Dear people who just moved to L.A.:
No amount of beachside real estate investment, yoga classes in Silver Lake or paddling out on ginormous longboards built for a family of five will make you a local.
You think you're blending in by sporting Hollister T-shirts and scooting around in flip-flops, but we can spot you from a mile away. Here are the telltale signs:
The 7-Eleven is three blocks away. You actually walk there.
You complain about how vapid the Westside is, but you pay $3,500 a month to live in a Silver Lake duplex because it has "character."
You moved to L.A. a year ago and bemoan the gentrification of Echo Park, downtown and Venice. "Who are all these new people," are the words actually coming out of your mouth.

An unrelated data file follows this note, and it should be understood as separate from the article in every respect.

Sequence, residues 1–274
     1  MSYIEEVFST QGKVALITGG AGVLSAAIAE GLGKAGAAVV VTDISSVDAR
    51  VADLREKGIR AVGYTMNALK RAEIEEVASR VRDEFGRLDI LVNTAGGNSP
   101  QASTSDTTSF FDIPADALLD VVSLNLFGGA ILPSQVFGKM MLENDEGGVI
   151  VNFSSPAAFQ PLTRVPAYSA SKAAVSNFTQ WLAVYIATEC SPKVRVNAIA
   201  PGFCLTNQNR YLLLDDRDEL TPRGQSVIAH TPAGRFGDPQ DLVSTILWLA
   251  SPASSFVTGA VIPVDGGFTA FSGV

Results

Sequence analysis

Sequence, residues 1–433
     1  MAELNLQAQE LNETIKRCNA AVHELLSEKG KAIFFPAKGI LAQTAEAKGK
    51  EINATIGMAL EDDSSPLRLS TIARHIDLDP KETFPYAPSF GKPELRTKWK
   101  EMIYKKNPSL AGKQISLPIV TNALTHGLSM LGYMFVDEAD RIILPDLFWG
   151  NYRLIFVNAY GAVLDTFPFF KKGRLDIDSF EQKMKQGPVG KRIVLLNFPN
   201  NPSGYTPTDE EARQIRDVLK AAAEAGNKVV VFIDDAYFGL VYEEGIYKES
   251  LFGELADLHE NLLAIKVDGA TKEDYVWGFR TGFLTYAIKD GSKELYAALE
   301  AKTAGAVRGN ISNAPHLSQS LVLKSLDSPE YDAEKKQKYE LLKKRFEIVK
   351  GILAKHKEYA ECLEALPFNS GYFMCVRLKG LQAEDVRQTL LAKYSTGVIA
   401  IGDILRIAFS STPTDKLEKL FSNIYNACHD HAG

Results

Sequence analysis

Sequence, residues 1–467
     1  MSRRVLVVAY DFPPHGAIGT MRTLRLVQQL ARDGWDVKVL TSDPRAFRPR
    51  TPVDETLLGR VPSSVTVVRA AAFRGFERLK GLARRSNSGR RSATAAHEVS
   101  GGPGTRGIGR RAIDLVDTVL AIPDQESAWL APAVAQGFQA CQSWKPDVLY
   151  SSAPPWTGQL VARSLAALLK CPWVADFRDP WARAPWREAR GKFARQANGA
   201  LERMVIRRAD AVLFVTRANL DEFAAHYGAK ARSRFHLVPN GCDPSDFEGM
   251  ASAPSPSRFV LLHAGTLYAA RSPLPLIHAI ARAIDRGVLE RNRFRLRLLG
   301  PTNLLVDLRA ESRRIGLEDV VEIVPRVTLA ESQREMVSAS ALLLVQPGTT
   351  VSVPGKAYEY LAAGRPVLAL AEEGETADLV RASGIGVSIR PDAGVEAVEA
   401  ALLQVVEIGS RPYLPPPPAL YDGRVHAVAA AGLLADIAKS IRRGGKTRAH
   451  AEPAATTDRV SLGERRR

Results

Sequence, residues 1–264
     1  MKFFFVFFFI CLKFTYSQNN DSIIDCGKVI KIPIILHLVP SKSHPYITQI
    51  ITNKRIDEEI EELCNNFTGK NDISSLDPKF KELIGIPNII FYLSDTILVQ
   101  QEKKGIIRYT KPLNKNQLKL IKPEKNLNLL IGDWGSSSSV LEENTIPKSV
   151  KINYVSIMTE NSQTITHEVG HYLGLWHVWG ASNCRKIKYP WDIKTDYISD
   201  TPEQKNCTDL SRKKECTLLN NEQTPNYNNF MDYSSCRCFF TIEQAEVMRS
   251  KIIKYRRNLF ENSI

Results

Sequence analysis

You honk when another driver screws up. (We all should, but we don't -- not in L.A.) You think a yellow light means that just one car gets to make that left turn through the intersection. (We know better; it's actually three cars.) You stop at stop signs, causing the car behind you to rear-end you. You drive a sensible, Japanese economy car because, rightly, you think money is better spent on other things. But just wait 'til you get settled in. That will change.
After planning a high-end window-shopping trip, you end up on Rodeo Road in South L.A. You went to Hancock Park to see Beverly Hills. You looked for Kitson on South Robertson Boulevard but found only marijuana dispensaries and Playboy Gangster Crips graffiti. You think Mar Vista is Marina del Rey but never once wondered where all the boats are. You think Mid-City is South L.A. because there are black people there. You think Westlake is the Eastside because there are Latino people there.
Do us all a favor: Buy a Thomas Guide map. Study it.
See also: The Six Types of Transplants Ruining L.A.